A lot has been made in recent years of how many national accolades and plaudits Portland has received. It regularly receives attention from national publications about its high quality of life, and is widely perceived as a city on the upswing.
What may surprise some people, though, is how significant a role in that momentum immigrants have played.
In terms of population growth, anyway, that role is “All of it.”
Coastal Enterprises Inc., a nonprofit specializing in economic development, is due to release a new report on the state’s looming workforce shortage and how immigrants can help overcome it.
In its research, CEI found that Portland’s immigrant population has about doubled in size to nearly 10,000 people since 2000.
“This increase resulted in 3 percent population growth for the city overall, while the native-born population decreased over the same period,” the report reads, in part.
So if you’re doing the math, Portland has grown from a population of about 64,000 people in 2000 to a population of about 66,000 people today.
The city’s immigrant population has grown by between 4,000 and 5,000 people over that time, meaning that population is responsible for overcoming what would otherwise have been a 2,000-3,000 population drop and turning it into a 2,000-person gain.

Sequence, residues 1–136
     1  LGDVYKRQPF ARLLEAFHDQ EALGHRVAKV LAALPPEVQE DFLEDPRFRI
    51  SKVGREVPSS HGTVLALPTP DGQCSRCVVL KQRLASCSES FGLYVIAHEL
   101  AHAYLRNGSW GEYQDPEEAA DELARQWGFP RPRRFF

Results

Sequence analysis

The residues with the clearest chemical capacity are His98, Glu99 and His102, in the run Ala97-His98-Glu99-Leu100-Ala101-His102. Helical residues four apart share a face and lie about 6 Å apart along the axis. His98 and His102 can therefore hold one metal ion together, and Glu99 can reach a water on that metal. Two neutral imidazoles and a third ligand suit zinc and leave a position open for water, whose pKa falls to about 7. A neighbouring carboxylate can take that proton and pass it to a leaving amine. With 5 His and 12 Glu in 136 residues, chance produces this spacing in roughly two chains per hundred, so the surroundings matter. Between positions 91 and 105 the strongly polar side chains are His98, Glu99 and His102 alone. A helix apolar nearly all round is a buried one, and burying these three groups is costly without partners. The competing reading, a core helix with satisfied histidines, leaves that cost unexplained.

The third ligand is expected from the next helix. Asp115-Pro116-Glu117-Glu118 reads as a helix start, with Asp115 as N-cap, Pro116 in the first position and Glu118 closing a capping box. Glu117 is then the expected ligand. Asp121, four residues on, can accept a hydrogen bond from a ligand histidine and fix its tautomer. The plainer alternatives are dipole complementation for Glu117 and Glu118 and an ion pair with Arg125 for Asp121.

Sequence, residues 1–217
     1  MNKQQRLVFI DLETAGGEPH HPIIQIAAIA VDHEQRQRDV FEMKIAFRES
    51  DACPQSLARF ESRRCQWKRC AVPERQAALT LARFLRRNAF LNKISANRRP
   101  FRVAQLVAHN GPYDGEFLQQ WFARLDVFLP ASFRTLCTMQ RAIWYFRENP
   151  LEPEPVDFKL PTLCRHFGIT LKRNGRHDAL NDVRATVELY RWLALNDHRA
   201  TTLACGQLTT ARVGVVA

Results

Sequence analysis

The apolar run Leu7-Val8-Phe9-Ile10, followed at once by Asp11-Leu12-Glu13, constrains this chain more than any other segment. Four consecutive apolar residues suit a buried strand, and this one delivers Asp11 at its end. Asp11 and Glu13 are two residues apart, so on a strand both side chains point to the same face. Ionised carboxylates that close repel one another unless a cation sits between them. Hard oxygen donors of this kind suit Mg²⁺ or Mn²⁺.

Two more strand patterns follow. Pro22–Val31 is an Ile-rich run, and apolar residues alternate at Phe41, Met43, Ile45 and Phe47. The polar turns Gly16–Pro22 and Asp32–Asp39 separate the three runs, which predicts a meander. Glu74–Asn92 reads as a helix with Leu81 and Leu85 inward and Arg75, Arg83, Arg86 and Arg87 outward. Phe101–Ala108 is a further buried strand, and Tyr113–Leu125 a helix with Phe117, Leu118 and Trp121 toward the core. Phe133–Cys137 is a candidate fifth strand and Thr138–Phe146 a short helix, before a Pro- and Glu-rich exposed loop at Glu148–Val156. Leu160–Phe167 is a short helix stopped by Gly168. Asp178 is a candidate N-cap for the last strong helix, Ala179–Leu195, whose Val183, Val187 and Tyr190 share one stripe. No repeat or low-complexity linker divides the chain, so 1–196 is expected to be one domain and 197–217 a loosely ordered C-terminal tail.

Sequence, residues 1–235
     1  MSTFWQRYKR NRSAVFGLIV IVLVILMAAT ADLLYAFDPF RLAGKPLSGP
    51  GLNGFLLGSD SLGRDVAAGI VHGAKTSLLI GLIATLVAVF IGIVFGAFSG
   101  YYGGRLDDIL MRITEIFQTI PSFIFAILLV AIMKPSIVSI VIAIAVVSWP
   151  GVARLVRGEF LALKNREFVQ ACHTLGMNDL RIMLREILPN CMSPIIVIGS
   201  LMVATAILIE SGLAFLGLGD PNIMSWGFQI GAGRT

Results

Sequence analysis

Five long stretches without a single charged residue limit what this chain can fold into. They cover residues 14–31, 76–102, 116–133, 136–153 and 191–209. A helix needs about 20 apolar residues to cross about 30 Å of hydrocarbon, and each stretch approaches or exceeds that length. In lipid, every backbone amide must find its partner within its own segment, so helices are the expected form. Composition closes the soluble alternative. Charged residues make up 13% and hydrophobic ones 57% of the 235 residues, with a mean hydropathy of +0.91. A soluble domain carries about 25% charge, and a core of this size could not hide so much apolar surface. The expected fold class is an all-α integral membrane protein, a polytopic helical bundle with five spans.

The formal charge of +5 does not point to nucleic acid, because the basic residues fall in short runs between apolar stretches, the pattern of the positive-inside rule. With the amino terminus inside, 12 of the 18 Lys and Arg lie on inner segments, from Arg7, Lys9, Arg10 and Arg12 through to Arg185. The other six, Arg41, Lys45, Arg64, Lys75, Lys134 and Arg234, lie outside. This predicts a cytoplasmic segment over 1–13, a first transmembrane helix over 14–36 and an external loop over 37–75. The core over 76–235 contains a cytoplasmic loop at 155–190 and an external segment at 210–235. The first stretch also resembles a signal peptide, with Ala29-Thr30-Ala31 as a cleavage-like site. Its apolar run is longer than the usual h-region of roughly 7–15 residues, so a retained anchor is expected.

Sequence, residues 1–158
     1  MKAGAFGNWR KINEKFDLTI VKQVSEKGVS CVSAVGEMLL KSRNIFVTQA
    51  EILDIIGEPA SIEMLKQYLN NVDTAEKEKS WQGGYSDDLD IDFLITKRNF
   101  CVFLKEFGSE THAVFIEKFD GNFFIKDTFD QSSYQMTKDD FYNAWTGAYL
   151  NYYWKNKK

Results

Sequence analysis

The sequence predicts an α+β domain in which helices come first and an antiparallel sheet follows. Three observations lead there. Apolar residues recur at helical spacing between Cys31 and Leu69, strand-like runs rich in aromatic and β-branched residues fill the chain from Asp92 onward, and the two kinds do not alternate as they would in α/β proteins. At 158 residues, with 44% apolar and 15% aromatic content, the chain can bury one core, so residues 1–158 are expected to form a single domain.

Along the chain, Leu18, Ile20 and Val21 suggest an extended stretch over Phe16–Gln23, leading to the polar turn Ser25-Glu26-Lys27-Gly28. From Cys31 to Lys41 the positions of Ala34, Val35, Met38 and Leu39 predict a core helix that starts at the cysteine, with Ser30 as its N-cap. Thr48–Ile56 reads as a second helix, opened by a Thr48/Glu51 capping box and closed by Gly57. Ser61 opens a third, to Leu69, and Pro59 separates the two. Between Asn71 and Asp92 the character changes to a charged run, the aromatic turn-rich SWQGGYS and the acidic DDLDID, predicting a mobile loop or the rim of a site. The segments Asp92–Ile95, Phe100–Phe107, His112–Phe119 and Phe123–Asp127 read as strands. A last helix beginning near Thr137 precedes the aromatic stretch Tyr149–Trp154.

Without a steady influx of new Mainers to Portland over the last decade and a half, the city so frequently now lauded as a shining example of livability and recognized as the most powerful economic engine in Maine would actually be withering somewhat.
Instead of talking about how Portland is on the upswing, we’d be talking about a second straight decade of population decline and why the city has its fewest residents since the Census of 1910.
That’s a big difference.
Foreign-born residents now represent 15 percent of the Portland population, and are credited in the CEI report as being a primary driver behind the city’s increased diversity. Forty-two percent of Portland’s public school students are non-white, and about half of the city’s children under the age of 5 are.
While it’s tailed off in recent years, the native-born population statewide has grown overall by 4 percent since 2000, in comparison. Still, the foreign-born population in Maine has outpaced that native-born growth, increasing by 23 percent over the same time period.
CEI’s report calls for the creation of a state-level Office of New Americans to help immigrants overcome language and cultural barriers to fulfilling their professional potential, something Mayor Ethan Strimling and the City Council have begun pursuing in Portland.